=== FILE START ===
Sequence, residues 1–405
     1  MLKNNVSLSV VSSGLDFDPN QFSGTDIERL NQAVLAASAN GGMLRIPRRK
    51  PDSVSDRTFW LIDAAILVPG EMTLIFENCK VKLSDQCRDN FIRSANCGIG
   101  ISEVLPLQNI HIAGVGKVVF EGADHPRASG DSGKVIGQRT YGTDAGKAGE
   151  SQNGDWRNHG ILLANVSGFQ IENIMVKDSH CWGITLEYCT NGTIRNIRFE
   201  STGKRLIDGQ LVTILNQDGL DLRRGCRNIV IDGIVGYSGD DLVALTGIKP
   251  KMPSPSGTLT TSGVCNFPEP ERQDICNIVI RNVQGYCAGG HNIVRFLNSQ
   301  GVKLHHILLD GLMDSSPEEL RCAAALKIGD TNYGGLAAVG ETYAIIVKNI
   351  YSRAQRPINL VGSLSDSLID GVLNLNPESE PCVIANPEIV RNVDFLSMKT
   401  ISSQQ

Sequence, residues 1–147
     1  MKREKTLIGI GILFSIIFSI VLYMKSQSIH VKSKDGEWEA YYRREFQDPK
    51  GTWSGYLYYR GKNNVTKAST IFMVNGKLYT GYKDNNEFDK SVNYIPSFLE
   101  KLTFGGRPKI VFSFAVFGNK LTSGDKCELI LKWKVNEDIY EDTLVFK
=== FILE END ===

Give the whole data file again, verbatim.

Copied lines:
Sequence, residues 1–405
     1  MLKNNVSLSV VSSGLDFDPN QFSGTDIERL NQAVLAASAN GGMLRIPRRK
    51  PDSVSDRTFW LIDAAILVPG EMTLIFENCK VKLSDQCRDN FIRSANCGIG
   101  ISEVLPLQNI HIAGVGKVVF EGADHPRASG DSGKVIGQRT YGTDAGKAGE
   151  SQNGDWRNHG ILLANVSGFQ IENIMVKDSH CWGITLEYCT NGTIRNIRFE
   201  STGKRLIDGQ LVTILNQDGL DLRRGCRNIV IDGIVGYSGD DLVALTGIKP
   251  KMPSPSGTLT TSGVCNFPEP ERQDICNIVI RNVQGYCAGG HNIVRFLNSQ
   301  GVKLHHILLD GLMDSSPEEL RCAAALKIGD TNYGGLAAVG ETYAIIVKNI
   351  YSRAQRPINL VGSLSDSLID GVLNLNPESE PCVIANPEIV RNVDFLSMKT
   401  ISSQQ

Sequence, residues 1–147
     1  MKREKTLIGI GILFSIIFSI VLYMKSQSIH VKSKDGEWEA YYRREFQDPK
    51  GTWSGYLYYR GKNNVTKAST IFMVNGKLYT GYKDNNEFDK SVNYIPSFLE
   101  KLTFGGRPKI VFSFAVFGNK LTSGDKCELI LKWKVNEDIY EDTLVFK